In the end, pop musician Michel "Sweet Micky" Martelly was selected to compete in the runoff instead of the governing party's candidate Jude Célestin. Martelly is the current president of Haiti.
Seitenfus says that the United Nations, "especially Edmond Mulet and Ban Ki-moon," denied the UN's "direct and scientifically-verified responsibility for the introduction of the Vibrio cholera into Haiti." As of February 9, 2014 (http://mspp.gouv.ht/site/downloads/Rapport%20Web_09.02_Avec_Courbes_Departementales.p df), 699,244 people contracted cholera and 8,549 have died.
Seitenfus slams the international community for supporting The UN's "lie" and turning it into strategy. He blames the so-called "Group of Friends of Haiti": Argentina, the Bahamas, Belize, Canada, Chile, the United States, Guatemala, Mexico, the Dominican Republic and Venezuela, as well as Germany, France, Spain and Norway, in their roles as Permanent Observers in the OAS as complicit in a "genocide by negligence."
Writing about the corruption of NGOs, Seitenfus accuses the international community of bypassing Haitian institutions and giving preference to Transnational Non-Governmental Organizations (TNGOs). He describes it as an "invasion," that reached staggering levels after the earthquake. U.S.
He charges that the governments of donor states used both private donations and public resources to cover the costs of military interventions in Haiti: "As such, for example, more than $200 million U.S. in private donations from U.S. citizens served to finance the transportation and stay of U.S. soldiers in Haiti soon after the earthquake."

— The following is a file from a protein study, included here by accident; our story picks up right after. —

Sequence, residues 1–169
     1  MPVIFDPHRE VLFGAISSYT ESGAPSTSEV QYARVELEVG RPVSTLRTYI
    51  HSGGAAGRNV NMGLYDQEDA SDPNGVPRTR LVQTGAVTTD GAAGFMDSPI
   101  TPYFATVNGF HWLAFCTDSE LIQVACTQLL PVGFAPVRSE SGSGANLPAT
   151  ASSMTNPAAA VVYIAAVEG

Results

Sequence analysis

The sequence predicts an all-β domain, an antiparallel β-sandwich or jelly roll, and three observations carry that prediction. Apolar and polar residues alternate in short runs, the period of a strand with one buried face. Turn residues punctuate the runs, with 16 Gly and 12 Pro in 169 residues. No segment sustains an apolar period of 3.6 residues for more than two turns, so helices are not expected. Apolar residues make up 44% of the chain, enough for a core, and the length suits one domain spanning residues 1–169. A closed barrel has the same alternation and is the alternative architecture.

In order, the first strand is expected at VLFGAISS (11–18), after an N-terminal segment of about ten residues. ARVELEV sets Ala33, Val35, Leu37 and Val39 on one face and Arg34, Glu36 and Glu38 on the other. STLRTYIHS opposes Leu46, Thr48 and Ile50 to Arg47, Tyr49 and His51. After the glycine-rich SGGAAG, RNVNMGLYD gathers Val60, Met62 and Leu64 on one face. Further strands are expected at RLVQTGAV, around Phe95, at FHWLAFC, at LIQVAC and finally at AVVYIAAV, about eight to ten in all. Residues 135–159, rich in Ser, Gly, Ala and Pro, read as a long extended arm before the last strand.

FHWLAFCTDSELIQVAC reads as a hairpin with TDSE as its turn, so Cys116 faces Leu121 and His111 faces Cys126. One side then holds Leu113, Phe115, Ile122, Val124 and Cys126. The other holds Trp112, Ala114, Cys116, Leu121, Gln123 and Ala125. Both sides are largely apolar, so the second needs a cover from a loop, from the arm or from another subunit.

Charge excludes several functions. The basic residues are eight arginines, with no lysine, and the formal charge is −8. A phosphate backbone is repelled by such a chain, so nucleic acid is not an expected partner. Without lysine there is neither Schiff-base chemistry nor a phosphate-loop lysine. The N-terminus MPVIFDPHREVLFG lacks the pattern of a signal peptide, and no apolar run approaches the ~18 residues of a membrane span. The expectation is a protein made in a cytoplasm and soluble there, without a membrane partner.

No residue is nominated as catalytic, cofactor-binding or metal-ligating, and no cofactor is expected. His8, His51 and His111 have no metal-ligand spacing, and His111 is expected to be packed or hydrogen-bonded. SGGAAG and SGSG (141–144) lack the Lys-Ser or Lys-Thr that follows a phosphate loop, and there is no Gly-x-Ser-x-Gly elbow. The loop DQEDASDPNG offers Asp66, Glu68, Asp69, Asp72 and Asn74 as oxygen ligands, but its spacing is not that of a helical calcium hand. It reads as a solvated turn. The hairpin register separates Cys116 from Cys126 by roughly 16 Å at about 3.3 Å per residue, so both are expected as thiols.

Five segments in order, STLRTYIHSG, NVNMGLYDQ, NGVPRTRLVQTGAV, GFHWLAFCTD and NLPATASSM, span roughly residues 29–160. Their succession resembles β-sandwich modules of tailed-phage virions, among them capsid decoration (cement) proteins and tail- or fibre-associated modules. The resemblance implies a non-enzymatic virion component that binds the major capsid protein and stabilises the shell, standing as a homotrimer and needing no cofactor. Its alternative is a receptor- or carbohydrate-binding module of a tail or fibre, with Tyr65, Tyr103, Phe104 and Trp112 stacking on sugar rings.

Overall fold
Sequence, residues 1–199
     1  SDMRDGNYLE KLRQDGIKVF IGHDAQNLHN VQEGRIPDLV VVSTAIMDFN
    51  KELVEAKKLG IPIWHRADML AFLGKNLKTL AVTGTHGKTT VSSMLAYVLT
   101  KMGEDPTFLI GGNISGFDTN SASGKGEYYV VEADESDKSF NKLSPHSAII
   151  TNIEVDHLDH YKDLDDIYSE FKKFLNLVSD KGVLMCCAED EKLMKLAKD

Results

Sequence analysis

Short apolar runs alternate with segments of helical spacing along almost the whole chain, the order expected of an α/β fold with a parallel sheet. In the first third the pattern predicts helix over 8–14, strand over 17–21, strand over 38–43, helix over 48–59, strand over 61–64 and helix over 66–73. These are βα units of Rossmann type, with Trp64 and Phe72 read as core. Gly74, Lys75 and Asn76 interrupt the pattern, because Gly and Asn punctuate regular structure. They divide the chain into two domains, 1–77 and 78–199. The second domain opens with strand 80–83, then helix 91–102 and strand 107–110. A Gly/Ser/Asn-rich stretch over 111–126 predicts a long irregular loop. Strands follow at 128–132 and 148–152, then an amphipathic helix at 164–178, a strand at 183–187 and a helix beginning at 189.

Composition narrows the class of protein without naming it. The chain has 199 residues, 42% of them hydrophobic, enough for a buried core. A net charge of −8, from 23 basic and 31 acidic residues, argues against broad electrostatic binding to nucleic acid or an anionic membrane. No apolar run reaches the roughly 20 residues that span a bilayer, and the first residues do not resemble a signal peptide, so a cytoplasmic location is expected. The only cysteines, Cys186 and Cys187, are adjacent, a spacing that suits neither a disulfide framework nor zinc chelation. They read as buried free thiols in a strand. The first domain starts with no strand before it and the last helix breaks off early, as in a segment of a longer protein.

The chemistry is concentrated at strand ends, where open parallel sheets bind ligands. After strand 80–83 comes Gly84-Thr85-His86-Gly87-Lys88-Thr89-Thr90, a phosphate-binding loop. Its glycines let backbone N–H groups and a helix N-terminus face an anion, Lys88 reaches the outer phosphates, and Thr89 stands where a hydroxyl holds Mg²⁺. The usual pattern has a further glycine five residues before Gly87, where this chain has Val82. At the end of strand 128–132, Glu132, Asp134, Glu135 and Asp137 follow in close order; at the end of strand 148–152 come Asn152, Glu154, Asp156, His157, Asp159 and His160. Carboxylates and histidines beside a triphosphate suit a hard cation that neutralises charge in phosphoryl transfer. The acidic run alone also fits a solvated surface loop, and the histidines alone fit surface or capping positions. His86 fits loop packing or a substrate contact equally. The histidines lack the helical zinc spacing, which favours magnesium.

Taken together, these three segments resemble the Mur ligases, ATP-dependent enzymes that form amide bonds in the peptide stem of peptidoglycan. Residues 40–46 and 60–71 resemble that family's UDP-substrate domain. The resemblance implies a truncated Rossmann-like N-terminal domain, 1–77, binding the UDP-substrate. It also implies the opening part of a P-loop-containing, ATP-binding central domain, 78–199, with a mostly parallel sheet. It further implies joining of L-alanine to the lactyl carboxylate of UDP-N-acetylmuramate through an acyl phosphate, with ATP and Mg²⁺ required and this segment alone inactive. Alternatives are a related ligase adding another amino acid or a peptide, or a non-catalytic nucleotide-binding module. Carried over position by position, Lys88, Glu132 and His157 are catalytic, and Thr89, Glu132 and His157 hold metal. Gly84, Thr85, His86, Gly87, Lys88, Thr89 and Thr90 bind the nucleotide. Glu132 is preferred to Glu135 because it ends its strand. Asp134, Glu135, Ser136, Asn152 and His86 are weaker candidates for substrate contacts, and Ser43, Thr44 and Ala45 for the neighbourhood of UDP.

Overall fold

While packed with political intrigue and malfeasance by international players, HAITI: Dilemas e Fracassos Internacionais ("International Crossroads and Failures in Haiti," published in Brazil by the Editora Unijui (Universite de Ijui) dans la Serie Globalisation et Relations Internationales) is also a tribute to Haiti written by a professor of Latin American studies.
This book details Seitenfus's dependence upon his own moral compass as he was forced to take a stand against powerful international players, including the United States, as the potential coup was put in motion.
Seemingly an existentialist at heart, Seitenfus opens his book with a quote from philosopher Albert Camus' The Fall. All of humanity is responsible for every tragedy or atrocity. Even if we do not personally cause the event, we are duty bound to stop it. Haitians have been "prisoners on their own island" since the slave rebellion of 1804. Foreign might has exacted a heavy penalty for what Seitenfus terms "a crime of lčse-majesté."
With this extensive memoir and historical document, the professor with the responsibilities of a diplomat succeeds in assuming his duty as a moral compass in the troubled world of international "diplomacy" in Haiti.
Seitenfus is currently a professor at the Universidade Federal de Santa Maria, Brazil. His webpage and contact information can be accessed here (http://www.seitenfus.com.br/).


Coincidence, I picked up a second hand copy of The Fall last week and will take myself off now to continue reading it.

02-01-2016, 03:20 AM
Elections on the 17th